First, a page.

On Friday, the Lebanese cabinet drafted its budget for 2019, which will be referred to parliament for approval next month. This small, but strategically important nation is the third-most indebted in the world, and its crumbling economy is in dire need of chance. Economic reform is also the key with which Beirut will unlock the $11 billion pledged by foreign donor countries in Paris last year at the CEDRE conference. The draft budget is set to tackle these issues by reducing the country's massive deficit and cutting back on public spending. This is a positive step, which Prime Minister Saad Hariri says will "lead the Lebanese economy to safety".
Lebanese political parties operate along sectarian lines, but none of the 19 recognised sects form a majority of the population or in parliament. This means that the political landscape is deeply fragmented, making it almost impossible to reach consensus, even on important matters such as the country's economy. That cabinet members managed to set their differences aside and focus on fixing the nation's economy is a feat in and of itself. But the fact that we are already halfway through the year and that it took 19 cabinet meetings to reach an agreement is a clear indication that there is still much room for improvement. Endemic bureaucracy and a dysfunctional political system have hobbled the budget negotiations since the start. After all, it took nine months for Mr Hariri to even form a cabinet that could begin to tackle Lebanon's deeper problems.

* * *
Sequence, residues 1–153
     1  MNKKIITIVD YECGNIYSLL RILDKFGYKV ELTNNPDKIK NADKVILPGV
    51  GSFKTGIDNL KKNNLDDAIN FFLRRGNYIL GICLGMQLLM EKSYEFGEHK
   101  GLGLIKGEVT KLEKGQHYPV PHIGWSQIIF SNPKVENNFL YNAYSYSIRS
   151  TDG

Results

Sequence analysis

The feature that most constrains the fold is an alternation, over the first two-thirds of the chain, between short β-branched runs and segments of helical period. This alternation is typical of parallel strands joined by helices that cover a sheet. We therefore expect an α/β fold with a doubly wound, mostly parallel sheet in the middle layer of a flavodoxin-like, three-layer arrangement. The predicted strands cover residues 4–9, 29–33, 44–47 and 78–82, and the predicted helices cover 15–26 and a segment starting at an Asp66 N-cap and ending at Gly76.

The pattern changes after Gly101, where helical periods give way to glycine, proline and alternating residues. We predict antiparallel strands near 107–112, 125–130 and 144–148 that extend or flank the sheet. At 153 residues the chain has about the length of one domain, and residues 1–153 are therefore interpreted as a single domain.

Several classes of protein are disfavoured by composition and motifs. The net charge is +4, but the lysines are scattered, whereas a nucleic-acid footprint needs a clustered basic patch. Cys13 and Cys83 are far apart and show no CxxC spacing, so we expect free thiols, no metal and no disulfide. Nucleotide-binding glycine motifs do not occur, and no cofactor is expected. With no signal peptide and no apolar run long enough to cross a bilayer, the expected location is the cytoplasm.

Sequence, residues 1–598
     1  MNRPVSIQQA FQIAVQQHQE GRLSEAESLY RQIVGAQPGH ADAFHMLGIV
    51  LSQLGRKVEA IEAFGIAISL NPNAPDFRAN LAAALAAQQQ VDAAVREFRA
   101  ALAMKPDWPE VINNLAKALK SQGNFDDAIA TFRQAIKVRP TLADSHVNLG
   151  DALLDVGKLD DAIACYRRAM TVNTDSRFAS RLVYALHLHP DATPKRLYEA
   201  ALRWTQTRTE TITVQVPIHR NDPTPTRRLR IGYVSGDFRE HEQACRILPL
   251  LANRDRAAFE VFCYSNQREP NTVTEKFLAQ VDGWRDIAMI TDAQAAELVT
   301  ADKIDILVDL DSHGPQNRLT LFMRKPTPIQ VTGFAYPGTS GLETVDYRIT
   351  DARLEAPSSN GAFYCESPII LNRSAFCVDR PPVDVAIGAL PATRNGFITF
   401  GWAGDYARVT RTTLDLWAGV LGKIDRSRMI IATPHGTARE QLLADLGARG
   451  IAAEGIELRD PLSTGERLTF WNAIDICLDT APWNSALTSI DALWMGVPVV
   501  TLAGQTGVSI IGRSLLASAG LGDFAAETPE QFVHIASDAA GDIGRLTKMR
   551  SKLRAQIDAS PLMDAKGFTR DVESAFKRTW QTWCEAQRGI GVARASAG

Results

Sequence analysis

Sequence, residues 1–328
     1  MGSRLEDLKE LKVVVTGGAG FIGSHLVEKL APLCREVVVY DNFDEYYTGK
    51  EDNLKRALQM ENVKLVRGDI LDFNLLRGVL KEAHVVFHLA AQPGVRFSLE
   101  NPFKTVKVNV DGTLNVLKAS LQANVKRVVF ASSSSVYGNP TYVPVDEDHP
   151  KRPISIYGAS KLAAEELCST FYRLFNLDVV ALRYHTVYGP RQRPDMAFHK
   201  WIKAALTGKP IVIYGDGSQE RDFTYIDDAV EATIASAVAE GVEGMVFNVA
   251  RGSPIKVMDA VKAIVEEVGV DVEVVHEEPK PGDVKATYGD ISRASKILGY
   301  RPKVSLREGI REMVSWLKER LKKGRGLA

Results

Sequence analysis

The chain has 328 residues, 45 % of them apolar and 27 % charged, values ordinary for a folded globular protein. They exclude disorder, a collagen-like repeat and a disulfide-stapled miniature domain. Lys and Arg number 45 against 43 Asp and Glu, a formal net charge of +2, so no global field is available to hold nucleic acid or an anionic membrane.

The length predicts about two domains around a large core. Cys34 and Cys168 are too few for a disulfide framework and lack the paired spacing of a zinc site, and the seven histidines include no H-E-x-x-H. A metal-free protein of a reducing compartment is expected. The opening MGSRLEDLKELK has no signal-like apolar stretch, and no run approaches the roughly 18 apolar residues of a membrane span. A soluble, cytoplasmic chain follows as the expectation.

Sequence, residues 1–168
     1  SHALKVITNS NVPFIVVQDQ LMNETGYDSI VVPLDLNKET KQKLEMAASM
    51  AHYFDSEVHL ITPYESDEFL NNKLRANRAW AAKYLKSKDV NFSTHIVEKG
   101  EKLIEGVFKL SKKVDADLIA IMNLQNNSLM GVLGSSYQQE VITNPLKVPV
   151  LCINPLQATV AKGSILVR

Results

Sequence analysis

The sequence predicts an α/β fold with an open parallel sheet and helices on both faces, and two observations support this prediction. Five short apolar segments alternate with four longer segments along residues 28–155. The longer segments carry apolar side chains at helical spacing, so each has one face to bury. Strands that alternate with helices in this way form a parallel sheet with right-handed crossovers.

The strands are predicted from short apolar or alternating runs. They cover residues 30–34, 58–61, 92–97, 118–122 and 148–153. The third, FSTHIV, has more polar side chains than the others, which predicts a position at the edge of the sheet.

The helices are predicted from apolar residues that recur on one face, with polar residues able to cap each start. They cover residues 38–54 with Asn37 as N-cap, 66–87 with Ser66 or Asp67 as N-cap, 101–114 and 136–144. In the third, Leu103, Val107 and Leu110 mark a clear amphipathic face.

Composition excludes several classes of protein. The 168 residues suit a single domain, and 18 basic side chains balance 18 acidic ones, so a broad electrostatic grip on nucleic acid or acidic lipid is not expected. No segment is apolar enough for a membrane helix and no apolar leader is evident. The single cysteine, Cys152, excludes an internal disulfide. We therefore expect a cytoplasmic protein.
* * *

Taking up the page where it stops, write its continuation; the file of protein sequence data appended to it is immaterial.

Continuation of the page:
Now, the Lebanese people are outraged by what promises to be the most unforgiving budget in the nation’s history. Rumours of salary cuts for public-sector employees and bank workers, and of reduced pensions for former military personnel, have sparked nationwide strikes. Among those who have taken to the streets, anger about paying the price for the incompetence of their leaders is common.
For decades and at all levels, Lebanon has been plagued by economic mismanagement and corruption. For example, even though Lebanon has had no functioning train lines since the 1970s, its railway authority receives government funding and still has a number of paid employees. Last Thursday, the Finance and Budget Committee also revealed that more than 5,000 new public-sector jobs were handed out since August 2017, in clear violation of a government hiring freeze. Meanwhile parliamentarians continue to receive their full salary for life, adding an unnecessary expense to the Lebanese budget. In light of these facts, it is clear that cutbacks must be accompanied by measures to tackle inept management, end corruption and rationalise public spending. Otherwise, ordinary, hard-working people will be condemned to lives of austerity while others continue to profit.